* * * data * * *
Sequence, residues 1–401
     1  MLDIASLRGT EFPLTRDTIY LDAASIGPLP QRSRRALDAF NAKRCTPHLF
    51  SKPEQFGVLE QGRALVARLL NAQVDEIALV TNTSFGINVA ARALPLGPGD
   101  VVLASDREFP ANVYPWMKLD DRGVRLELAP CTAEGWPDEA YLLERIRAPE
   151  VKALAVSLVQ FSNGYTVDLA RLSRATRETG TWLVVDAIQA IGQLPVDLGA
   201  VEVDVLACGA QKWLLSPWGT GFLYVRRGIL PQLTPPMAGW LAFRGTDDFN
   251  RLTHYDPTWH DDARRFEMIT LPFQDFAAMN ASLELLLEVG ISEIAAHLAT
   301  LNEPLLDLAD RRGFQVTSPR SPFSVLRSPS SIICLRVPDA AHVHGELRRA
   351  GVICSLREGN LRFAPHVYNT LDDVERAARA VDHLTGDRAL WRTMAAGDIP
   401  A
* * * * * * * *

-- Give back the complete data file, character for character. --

Sequence, residues 1–401
     1  MLDIASLRGT EFPLTRDTIY LDAASIGPLP QRSRRALDAF NAKRCTPHLF
    51  SKPEQFGVLE QGRALVARLL NAQVDEIALV TNTSFGINVA ARALPLGPGD
   101  VVLASDREFP ANVYPWMKLD DRGVRLELAP CTAEGWPDEA YLLERIRAPE
   151  VKALAVSLVQ FSNGYTVDLA RLSRATRETG TWLVVDAIQA IGQLPVDLGA
   201  VEVDVLACGA QKWLLSPWGT GFLYVRRGIL PQLTPPMAGW LAFRGTDDFN
   251  RLTHYDPTWH DDARRFEMIT LPFQDFAAMN ASLELLLEVG ISEIAAHLAT
   301  LNEPLLDLAD RRGFQVTSPR SPFSVLRSPS SIICLRVPDA AHVHGELRRA
   351  GVICSLREGN LRFAPHVYNT LDDVERAARA VDHLTGDRAL WRTMAAGDIP
   401  A